16. Eyes Wide Shut (Kubrick, USA/UK, 1999)

15. Groundhog Day (Ramis, USA, 1993)

14. The Piano (Campion, Australia, 1993)

piano

Jane Campion’s international breakthrough was this tough and beautiful feminist love story, set in the mid-19th century, about Ada (Holly Hunter), a mute Scottish woman and single mother whose father “arranges” her marriage to an English expatriate farmer (Sam Neill) on the western coast of New Zealand. Shortly after arriving at her new home, however, Ada embarks on an unlikely romance with George (Harvey Keitel), another Scottish emigre and an oddball who has “gone native” by tattooing his face and living among the Maori. The melodramatic plot twists that ensues will whip your emotions into a frenzy as expertly as the finest gothic novels of the 19th century, aided in no small part by Campion’s gorgeous mise-en-scene, a quartet of excellent performances (the three mentioned above plus Anna Paquin’s turn as Ada’s daughter) and Michael Nyman’s rhapsodic, piano-driven score. One of the best films of the Nineties.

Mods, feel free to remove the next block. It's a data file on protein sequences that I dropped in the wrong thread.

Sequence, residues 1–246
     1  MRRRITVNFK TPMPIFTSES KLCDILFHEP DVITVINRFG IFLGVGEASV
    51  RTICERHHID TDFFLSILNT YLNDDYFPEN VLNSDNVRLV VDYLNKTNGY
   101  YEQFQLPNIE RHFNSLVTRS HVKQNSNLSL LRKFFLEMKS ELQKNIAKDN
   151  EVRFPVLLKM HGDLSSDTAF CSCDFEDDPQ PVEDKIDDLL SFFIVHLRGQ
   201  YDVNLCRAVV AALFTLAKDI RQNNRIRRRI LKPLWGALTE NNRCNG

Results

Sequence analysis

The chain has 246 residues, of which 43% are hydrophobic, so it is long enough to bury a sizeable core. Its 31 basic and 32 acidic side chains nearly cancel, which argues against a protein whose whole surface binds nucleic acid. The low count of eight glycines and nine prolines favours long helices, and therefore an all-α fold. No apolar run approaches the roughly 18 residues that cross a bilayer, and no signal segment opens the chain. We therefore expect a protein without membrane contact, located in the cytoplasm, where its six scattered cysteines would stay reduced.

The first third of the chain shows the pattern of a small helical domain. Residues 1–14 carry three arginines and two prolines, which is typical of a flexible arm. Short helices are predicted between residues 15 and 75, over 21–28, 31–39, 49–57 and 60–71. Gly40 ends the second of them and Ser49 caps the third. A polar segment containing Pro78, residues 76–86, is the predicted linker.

13. Peppermint Candy (Lee, S. Korea, 1999)

Forget Memento and Irreversible, here’s the original “edited in reverse” movie – a tour de force of filmmaking that begins with the suicide of a thirty-something businessman, then skips backwards over the previous twenty years of his life to show the personal tragedy of one man’s loss of innocence and corruption set against the sweeping backdrop of S. Korea’s tumultuous recent history.

12. Goodfellas (Scorsese, USA, 1990)

11. Chungking Express (Wong, Hong Kong, 1994)